An underlying issue of the controversial killing of eight Muslim undertrials after they killed a police officer and broke out of a jail in Madhya Pradesh is the staff shortage in Indian prisons, where 34% of positions (27,227) were vacant, as on December 31, 2015, according to an IndiaSpend analysis of national prison statistics.
Of 419,623 inmates across all jails nationwide, 282,076 (67%) are undertrials, whose cases take up to five years to come to trial, illustrating the slow speed of justice in India.
Questions have been raised about the post-prison-break firefight, with many describing it as an extrajudicial killing of eight alleged members of the proscribed group, Students Islamic Movement of India. The eight men were incarcerated in Bhopal jail, pending trial for several crimes, such as planning the assassination of Rashtriya Swayamsevak Sangh (RSS) and Bharatiya Janata Party (BJP) leaders, making and supplying bombs, and involvement in the 2008 Ahmedabad bombings that killed 57 people.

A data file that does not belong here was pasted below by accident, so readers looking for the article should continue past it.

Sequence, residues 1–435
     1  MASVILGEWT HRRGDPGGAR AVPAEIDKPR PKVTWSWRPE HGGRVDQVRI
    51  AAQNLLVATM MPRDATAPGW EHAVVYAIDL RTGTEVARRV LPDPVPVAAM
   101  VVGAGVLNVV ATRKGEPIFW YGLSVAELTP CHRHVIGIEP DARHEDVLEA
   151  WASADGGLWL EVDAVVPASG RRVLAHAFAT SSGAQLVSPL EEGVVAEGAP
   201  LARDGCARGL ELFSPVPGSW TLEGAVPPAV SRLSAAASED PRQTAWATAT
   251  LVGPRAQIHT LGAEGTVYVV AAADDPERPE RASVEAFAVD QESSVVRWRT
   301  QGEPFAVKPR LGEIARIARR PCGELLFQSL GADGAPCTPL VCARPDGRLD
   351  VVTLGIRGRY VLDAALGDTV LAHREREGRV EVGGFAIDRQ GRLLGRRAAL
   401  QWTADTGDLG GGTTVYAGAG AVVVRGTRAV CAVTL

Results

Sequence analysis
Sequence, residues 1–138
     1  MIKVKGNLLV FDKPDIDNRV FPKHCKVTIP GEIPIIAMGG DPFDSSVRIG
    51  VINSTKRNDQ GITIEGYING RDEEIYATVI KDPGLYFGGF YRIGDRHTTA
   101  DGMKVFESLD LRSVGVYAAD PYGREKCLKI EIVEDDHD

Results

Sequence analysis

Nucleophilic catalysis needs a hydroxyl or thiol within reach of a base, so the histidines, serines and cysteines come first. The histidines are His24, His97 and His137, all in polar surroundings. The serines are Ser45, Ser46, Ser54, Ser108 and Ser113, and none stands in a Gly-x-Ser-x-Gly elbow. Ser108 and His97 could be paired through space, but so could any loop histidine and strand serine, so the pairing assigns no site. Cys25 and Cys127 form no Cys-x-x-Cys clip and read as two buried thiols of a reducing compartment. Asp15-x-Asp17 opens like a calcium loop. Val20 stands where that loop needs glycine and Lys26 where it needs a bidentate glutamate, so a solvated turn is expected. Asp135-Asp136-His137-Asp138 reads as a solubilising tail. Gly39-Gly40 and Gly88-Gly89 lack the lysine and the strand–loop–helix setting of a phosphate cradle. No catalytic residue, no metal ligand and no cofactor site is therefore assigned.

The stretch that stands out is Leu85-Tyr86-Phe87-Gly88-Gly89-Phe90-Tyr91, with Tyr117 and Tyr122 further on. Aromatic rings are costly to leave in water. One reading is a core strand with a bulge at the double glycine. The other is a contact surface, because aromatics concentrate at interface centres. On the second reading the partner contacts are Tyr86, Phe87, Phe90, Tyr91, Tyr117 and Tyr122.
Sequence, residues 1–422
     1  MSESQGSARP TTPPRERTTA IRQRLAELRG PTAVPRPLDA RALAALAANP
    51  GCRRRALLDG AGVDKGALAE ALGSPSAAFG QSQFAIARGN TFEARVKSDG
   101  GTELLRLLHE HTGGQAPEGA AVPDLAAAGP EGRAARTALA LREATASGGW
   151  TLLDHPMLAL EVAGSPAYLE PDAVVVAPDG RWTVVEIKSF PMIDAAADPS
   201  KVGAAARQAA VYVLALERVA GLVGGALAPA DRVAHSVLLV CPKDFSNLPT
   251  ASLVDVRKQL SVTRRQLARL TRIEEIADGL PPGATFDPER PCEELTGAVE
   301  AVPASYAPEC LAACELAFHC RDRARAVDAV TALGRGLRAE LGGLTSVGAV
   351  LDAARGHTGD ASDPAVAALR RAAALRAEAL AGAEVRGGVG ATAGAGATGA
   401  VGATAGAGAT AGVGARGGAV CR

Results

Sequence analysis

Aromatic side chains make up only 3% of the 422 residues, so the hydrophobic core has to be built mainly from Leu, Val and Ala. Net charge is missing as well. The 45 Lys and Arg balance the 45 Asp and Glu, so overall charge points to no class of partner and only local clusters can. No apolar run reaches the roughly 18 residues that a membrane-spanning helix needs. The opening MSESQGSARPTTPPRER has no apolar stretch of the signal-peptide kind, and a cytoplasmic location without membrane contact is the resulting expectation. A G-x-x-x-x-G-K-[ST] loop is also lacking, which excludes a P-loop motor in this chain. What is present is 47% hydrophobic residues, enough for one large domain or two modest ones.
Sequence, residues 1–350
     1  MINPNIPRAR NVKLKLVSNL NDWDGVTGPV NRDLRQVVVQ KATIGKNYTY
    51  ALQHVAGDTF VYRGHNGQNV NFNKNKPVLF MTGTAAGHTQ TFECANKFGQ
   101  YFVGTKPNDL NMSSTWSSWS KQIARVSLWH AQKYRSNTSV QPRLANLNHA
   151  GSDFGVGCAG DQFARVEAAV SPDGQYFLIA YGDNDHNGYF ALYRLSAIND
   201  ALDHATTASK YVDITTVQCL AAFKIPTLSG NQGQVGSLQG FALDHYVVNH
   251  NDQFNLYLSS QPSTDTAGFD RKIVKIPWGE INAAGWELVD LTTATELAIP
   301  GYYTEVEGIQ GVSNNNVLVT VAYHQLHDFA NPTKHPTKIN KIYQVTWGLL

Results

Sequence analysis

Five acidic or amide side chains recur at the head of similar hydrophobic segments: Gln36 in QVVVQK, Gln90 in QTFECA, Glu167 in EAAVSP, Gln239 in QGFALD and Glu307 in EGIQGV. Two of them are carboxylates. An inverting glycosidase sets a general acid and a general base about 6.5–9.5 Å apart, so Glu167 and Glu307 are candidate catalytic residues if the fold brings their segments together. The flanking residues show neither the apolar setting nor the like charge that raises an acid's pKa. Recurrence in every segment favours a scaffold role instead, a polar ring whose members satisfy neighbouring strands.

Madhya Pradesh chief minister Shivraj Chouhan described the jailbreak as "very serious" and announced the suspension of five jail officials, including the jail superintendent. As a demand is made for a court-monitored inquiry, the underlying issues are the poor condition of Indian prisons and the delays in trying those accused of crimes.
No state was as short of prison staff as Bihar, which has 2,654 of the 7,860 personnel it should have, a shortage of 66%, followed by Delhi (47%) and West Bengal (41%). In Madhya Pradesh, the shortage is 28%.
Source: Prison Statistics, 2015, National Crime Records Bureau